Before & After - examples of how basic tweaks to the RAW file helped to produce much better images
The original RAW file on the left was obviously lacking sharpness, clarity, contrast and colour saturation as well as containing some minor lens distortion and chromatic aberration. Plus it was quite hazy at that particular moment in time when shooting and so I knew there and then that I would end up removing that haze when it came time to processing the image.
The file on the right was the result of some minor processing tweaks including lens correction, global highlights, exposure and contrast adjustments as well as an increase the vibrancy and selective sharpening (masking) being applied. You will notice that I cloned out some unwanted imprints on the sand in the immediate foreground, which were caused accidentally by me when I placed my tripod legs in the wrong place!
Again, as can been seen in the above example, the original RAW file on the left above was lacking sharpness, clarity, contrast as well as containing some minor lens distortion and chromatic aberration.
I corrected these in post-processing by applying the necessary lens profile to fix the lens distortion and chromatic aberration issues. I then globally adjusted the exposure, shadows, contrast, clarity and the white balance.
Although the colour temperature as seen in the original image was more closer to reality with respect to the conditions that were present when I was shooting, I simply just did not like the very cold tone that the image had so I opted to warm it up a little in order to take out some of that blue tone. I also felt that the single blue tone throughout the entire image caused it to appear very two-dimensional and I knew that adding a bit of local color and contrast adjustments in both the sky and the mid-ground would help the image to really stand out.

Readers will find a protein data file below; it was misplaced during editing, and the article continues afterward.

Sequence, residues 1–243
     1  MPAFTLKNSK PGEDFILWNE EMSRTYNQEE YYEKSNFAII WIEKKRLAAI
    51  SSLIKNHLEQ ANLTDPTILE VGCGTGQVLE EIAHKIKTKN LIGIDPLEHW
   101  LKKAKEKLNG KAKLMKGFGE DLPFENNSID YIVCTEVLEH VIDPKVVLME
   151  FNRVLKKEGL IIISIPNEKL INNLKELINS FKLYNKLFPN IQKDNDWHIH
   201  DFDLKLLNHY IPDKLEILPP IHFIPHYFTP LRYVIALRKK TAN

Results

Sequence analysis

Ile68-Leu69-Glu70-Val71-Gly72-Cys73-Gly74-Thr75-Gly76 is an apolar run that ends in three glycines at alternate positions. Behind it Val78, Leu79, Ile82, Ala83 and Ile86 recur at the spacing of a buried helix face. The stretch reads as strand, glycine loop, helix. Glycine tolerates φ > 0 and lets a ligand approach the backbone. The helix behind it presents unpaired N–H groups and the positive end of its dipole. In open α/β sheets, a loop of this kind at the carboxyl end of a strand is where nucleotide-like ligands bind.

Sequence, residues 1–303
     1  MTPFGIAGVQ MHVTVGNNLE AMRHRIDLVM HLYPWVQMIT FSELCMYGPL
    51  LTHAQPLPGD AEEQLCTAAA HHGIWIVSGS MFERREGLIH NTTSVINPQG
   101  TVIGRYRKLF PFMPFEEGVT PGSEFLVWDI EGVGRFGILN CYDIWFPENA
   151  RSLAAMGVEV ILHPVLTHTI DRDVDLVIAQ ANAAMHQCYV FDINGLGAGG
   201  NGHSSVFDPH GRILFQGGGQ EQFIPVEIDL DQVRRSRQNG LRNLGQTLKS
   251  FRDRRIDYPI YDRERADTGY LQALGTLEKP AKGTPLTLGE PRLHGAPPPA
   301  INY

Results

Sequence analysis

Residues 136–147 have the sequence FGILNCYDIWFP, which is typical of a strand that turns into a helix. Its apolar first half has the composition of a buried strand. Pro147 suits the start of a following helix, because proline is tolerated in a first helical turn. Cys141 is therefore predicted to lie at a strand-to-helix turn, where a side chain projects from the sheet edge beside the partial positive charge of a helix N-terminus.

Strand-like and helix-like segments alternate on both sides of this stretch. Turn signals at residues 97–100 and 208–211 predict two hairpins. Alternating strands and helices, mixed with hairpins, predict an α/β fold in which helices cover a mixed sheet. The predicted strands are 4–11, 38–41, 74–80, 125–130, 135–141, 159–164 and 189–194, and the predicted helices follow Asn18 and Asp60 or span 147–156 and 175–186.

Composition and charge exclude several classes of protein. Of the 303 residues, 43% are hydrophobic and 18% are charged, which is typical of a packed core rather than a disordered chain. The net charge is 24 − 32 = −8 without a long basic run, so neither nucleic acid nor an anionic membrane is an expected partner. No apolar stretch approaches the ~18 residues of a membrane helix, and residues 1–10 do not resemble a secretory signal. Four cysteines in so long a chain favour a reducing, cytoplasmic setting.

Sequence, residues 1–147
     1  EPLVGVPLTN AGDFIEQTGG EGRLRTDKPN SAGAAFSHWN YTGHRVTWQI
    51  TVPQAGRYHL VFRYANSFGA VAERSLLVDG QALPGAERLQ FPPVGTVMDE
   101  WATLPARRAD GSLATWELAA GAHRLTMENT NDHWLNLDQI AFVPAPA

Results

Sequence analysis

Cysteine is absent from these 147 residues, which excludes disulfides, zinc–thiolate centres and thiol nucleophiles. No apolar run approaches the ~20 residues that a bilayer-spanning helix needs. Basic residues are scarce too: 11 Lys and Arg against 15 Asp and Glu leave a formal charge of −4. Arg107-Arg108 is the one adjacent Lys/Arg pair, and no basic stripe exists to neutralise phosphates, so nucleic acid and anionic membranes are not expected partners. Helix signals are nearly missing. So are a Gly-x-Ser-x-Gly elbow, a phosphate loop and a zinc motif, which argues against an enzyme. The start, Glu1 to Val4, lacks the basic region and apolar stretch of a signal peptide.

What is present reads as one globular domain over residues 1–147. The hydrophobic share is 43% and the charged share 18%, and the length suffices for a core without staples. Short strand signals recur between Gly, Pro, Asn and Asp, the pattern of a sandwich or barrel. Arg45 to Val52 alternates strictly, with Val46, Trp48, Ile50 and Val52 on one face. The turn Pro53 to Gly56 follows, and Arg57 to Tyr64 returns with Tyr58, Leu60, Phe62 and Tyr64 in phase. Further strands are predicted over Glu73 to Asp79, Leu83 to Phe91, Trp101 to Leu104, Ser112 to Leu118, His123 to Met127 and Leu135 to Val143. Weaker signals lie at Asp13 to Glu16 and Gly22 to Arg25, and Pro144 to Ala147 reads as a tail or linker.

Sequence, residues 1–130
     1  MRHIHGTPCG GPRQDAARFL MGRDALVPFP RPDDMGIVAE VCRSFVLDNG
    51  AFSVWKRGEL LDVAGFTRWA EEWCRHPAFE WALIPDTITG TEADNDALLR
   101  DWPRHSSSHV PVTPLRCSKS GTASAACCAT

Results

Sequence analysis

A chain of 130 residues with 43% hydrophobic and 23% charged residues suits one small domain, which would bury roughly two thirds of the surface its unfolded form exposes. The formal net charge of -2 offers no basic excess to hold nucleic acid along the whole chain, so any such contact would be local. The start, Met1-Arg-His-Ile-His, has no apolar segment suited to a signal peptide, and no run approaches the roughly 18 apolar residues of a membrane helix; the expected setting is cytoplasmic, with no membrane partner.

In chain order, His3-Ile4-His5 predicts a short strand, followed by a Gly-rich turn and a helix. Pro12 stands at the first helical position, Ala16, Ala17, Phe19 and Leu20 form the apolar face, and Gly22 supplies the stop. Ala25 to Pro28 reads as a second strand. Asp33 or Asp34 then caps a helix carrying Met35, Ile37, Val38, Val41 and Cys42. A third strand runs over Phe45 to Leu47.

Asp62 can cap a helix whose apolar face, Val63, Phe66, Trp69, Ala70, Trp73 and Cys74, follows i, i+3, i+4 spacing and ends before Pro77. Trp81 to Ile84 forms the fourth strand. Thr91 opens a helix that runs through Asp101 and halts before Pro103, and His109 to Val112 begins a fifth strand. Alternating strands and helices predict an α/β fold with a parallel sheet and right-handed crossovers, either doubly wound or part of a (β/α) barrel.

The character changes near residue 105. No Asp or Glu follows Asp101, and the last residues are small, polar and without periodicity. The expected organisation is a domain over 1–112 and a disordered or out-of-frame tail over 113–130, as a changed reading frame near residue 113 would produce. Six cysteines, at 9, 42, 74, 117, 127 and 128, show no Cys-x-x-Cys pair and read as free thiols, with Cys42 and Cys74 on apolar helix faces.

The final local adjustment that I felt was really essential was to increase (dodge) the exposure of the small rock in the foreground as well as increasing the saturation. I wanted the rock to really stand out from the darker sand that lay beneath it. This was really important as the small rock was the first element in the image that the viewer would see. Never underestimate the importance of foreground interest!
I think you will agree that the resulting processed image on the right is far superior and much more interesting looking than the original RAW image on the left.
Hopefully this article was helpful in showing you some of the advantages of shooting in the RAW file format and the ability it will give you to take your photography and images to the next level.